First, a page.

5 to 20 ng of extracted cfDNA was prepared for library construction including end-repair, dA-tailing, adapter ligation, and PCR amplification. The amplified DNA libraries with sufficient yields proceeded to hybrid capture. In brief, the library was hybridized overnight with the panel probes. Unbound fragments were then washed away. The purified libraries were QCed with Bioanalyzer 2100 and then paired-end 2 × 150 bp sequenced using the Illumina sequencing platform.

Variant calling

Variants were called using a Predicine in-house analysis pipeline, starting from the raw sequencing data to the final mutation calls, which has been described in previous publications [23, 24]. Briefly, the pipeline first performed adapter trimming, barcode checking, and correction. Cleaned paired FASTQ files were outputted by the in-house pipeline and further aligned to the human reference genome build hg19 using BWA (version 0.7.15) alignment tool. Consensus bam files were then derived by merging paired-end reads originated from the same molecules (based on mapping location and unique molecular identifiers) as single-strand fragments. Single-strand fragments from the same double-strand DNA molecules were further merged as double stranded. Both sequencing and PCR errors were deeply suppressed during this process. Candidate variants, consisting of point mutations, small insertions, and deletions, were identified across the targeted regions covered in the panel. Copy number variations were estimated at the gene level. The pipeline calculated the on-target unique fragment coverage, which was first corrected for GC bias and was then adjusted to the probe level bias (estimated from a pooled reference).

Statistical analysis

Fisher’s exact test was performed to compare the mutational prevalence between CN and US cohorts. The basic clinical characteristic comparison of the two cohorts were carried out using a t test. Kaplan–Meier survival analysis was performed to analyze the correlation between genomic alterations and progression-free survival (PFS), and P-values were calculated using the log-rank test by comparing the patients with and without a particular genomic alteration. R (version 3.5) was used for statistical analysis. Survival and Survminer R packages were used for survival analysis.


Baseline patient characteristics

In total, there were 27 US patients at Northwestern University and 65 Chinese patients at Peking University Cancer Hospital enrolled in this study based on the inclusion criteria (see Materials and Methods). All were female. All patients were confirmed for a diagnosis of initially HR+/HER2− tumors. HR and HER2 status of metastatic tumors were confirmed for twenty-one patients from the CN cohort, with 18 patients maintaining HR+ and HER2− status, while 3 patients became HR- and HER2−. In the US cohort, the HR and HER2 status of metastatic tumor was confirmed for 23 patients, with all patients maintaining HR+ and HER2− status. Median age of diagnosis was 51 years (range: 30–79) in the US cohort and 49 years (range: 27–82) in the CN cohort. In the US cohort, 4 out of 27 (14.8%) patients were primary stage IV BC and the rest (23/27, 85.2%) were all first-line MBC. In CN cohort, 15 out of 65 (23.1%) patients were primary stage IV BC and the rest (50/65, 76.9%) were all first-line MBC. The sites of metastasis in decreasing order of frequency were liver, lung, and bone in the US cohort and lung, liver, and bone in the CN cohort. There were no significant differences found between US and Chinese samples with respect to age of diagnosis and primary tumor stages (mostly stage II or above in US and Chinese patients, 91.3% and 75.0%, respectively). Patients’ clinical and pathological characteristics are summarized in Table 1.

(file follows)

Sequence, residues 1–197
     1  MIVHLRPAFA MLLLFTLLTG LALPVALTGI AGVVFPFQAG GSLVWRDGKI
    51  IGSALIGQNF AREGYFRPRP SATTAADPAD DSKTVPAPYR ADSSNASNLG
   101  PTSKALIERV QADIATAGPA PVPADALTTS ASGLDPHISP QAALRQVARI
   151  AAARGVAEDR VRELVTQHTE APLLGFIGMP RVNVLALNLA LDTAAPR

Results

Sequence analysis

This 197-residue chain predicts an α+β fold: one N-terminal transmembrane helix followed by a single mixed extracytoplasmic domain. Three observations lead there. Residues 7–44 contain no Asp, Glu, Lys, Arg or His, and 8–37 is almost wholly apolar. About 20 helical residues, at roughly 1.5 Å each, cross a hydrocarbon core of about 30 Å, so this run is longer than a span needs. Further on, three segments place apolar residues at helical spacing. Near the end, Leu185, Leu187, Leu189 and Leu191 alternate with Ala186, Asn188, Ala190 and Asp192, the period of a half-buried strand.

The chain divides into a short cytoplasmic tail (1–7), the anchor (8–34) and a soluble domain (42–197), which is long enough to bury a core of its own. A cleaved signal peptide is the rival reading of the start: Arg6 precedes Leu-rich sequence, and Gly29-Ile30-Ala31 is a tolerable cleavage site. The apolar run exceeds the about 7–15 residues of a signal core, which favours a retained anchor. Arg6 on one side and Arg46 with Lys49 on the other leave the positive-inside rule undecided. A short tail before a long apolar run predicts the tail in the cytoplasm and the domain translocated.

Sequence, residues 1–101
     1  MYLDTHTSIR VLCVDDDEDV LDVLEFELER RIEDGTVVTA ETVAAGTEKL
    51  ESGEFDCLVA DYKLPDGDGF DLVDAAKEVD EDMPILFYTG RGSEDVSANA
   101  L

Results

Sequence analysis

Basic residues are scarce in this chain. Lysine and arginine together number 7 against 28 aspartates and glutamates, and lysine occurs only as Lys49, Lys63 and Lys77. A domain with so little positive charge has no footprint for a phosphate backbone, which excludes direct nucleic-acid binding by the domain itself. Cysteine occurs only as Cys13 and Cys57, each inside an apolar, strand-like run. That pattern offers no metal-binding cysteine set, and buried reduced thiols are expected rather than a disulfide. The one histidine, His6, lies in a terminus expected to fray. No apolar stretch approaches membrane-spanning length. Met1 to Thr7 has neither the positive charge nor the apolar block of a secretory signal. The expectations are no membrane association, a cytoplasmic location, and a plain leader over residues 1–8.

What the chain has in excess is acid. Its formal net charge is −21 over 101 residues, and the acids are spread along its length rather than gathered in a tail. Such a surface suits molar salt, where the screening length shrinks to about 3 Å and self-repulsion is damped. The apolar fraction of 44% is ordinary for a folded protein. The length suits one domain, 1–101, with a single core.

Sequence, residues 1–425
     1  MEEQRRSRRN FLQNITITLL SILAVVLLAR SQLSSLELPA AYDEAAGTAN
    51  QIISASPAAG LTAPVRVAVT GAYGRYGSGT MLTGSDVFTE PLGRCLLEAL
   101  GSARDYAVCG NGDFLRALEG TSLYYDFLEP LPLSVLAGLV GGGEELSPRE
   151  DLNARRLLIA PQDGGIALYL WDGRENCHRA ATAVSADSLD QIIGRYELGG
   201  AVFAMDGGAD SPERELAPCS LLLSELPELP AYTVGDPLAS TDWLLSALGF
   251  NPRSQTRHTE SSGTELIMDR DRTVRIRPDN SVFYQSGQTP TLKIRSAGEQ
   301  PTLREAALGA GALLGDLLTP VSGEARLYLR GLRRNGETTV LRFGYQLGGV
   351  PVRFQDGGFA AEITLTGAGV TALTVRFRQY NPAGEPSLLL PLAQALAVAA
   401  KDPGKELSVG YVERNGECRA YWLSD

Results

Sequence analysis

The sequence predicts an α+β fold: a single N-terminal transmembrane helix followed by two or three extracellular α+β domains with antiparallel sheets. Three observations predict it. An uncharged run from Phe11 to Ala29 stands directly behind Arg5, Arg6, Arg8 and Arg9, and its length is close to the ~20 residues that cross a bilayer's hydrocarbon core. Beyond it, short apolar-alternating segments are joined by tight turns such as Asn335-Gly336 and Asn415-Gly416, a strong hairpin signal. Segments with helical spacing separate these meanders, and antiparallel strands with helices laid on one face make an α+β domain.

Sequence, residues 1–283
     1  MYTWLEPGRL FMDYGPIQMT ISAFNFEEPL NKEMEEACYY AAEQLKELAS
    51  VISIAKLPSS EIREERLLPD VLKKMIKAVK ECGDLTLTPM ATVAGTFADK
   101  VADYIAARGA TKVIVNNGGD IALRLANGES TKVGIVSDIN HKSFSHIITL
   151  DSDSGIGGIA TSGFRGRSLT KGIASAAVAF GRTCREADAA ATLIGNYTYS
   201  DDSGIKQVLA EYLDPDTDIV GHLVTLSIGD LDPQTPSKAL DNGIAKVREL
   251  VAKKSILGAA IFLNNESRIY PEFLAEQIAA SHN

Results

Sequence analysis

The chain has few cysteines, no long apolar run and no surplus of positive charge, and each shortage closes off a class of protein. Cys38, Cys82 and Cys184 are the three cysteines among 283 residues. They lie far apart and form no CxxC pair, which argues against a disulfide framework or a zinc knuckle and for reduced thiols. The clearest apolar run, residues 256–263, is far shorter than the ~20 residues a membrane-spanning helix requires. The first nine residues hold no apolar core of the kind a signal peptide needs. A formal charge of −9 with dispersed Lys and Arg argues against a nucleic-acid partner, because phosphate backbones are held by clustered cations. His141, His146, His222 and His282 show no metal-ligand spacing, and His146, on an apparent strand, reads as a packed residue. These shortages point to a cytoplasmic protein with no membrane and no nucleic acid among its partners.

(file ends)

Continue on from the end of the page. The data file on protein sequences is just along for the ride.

Table 1 Comparison of baseline clinical characteristics between the US and CN (n = 90)

Mutational and CNV landscape

The samples were tested using a harmonized NGS-based 152-gene PredicineCARE™ assay at Predicine Inc. in the US and at Huidu (Shanghai) in CN. SNV/Indel mutations were detected in 23 of 27 (85%) US patients and 54 of 65 (83%) Chinese patients. The number of mutations detected in each patient ranged from 0 to 9 in US patients and 0 to 9 in Chinese patients. CNVs, including both copy number gain and loss, were also detected in 13 of 27 (48%) US patients and 32 of 65 (51%) Chinese patients. The number of CNVs detected in each patient ranged from 0 to 19 in the US patients and 0 to 24 in the Chinese patients. The most frequently detected SNV/Indel mutations included TP53 (44.6%), PIK3CA (25.9%), ESR1 (11.1%), and BRCA2 (11.1%) in US patients vs. TP53 (33.8%), PIK3CA (44.6%), ESR1 (12.3%), and BRCA2 (9.2%) in Chinese patients. Alterations in CDH1 (18.5% vs. 1.5%, P = 0.008) and AKT1 (18.5% vs. 3.1%, P = 0.021) were more frequent in the US cohort than in the CN cohort. However, the prevalence of PIK3CA alteration between US and CN patients was not observed in total cohort (25.9 vs. 44.6%, P = 0.074). The most frequently detected CNVs included copy number gains of the following genes in the US vs. CN patients: CCND1 (11.1 vs 16.9%), CCND2 (14.8 vs 12.3%), CCND3 (14.8 vs. 3.1%), and MYC (11.1 vs. 13.8%), respectively. There were no statistically significant differences in these genomic alterations. In contrast, FGFR1 copy number gain was significantly different between the US (7.4%) and CN (24.6%) (P = 0.048). CDK4 copy number gain was not significantly different between the US (7.4%) and CN (1.5%) populations (P = 0.205). No significant differences were observed for most copy number loss alterations in the US vs. CN patients except ATM: ATM loss (0 vs. 16.9%, P = 0.017), RB1 loss (3.7 vs. 13.8%, P = 0.145), BRCA2 loss (0 vs 7.7%, P = 0.168), PTEN (7.4 vs. 4.6%, P = 0.460), and BRCA1 (0 vs 1.5%, P = 0.707) (Fig. 1A–C). In first-line MBC subgroup, TP53 (52.2 vs. 11.8%, P < 0.001) and AKT (0 vs. 21.7%, P = 0.002) mutations were more frequently found in US as compared to CN cohort. ATM loss (0 vs. 17.6%, P = 0.028) was more frequently found in CN than in US patients. However, the differential prevalence of PIK3CA mutation (P = 0.179) and FGFR1 copy number gain (P = 0.115) between US and CN patients were not found in this subgroup. (Fig. 2A–C). In primary stage IV BC subgroup, no significant differential prevalence of alterations was found between US and CN cohort. (Fig. 2E, F).